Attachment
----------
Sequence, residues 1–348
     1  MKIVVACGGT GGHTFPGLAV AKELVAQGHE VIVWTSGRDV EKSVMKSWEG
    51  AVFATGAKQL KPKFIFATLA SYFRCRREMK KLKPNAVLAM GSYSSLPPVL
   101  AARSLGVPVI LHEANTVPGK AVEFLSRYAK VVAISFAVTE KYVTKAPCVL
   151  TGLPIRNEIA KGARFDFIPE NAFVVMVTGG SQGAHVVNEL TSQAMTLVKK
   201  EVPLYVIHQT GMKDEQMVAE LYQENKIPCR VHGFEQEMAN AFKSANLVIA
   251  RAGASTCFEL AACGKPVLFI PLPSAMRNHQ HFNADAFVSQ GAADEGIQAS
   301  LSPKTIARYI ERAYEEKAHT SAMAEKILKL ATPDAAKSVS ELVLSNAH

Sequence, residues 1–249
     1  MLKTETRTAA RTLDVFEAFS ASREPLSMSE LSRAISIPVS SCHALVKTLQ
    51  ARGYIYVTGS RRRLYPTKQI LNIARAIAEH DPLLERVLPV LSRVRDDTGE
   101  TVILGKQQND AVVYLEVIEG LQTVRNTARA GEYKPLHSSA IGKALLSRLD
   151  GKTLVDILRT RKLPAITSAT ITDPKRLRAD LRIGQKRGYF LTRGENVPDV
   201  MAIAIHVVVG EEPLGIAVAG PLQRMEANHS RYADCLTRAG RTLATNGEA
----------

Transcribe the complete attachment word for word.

Sequence, residues 1–348
     1  MKIVVACGGT GGHTFPGLAV AKELVAQGHE VIVWTSGRDV EKSVMKSWEG
    51  AVFATGAKQL KPKFIFATLA SYFRCRREMK KLKPNAVLAM GSYSSLPPVL
   101  AARSLGVPVI LHEANTVPGK AVEFLSRYAK VVAISFAVTE KYVTKAPCVL
   151  TGLPIRNEIA KGARFDFIPE NAFVVMVTGG SQGAHVVNEL TSQAMTLVKK
   201  EVPLYVIHQT GMKDEQMVAE LYQENKIPCR VHGFEQEMAN AFKSANLVIA
   251  RAGASTCFEL AACGKPVLFI PLPSAMRNHQ HFNADAFVSQ GAADEGIQAS
   301  LSPKTIARYI ERAYEEKAHT SAMAEKILKL ATPDAAKSVS ELVLSNAH

Sequence, residues 1–249
     1  MLKTETRTAA RTLDVFEAFS ASREPLSMSE LSRAISIPVS SCHALVKTLQ
    51  ARGYIYVTGS RRRLYPTKQI LNIARAIAEH DPLLERVLPV LSRVRDDTGE
   101  TVILGKQQND AVVYLEVIEG LQTVRNTARA GEYKPLHSSA IGKALLSRLD
   151  GKTLVDILRT RKLPAITSAT ITDPKRLRAD LRIGQKRGYF LTRGENVPDV
   201  MAIAIHVVVG EEPLGIAVAG PLQRMEANHS RYADCLTRAG RTLATNGEA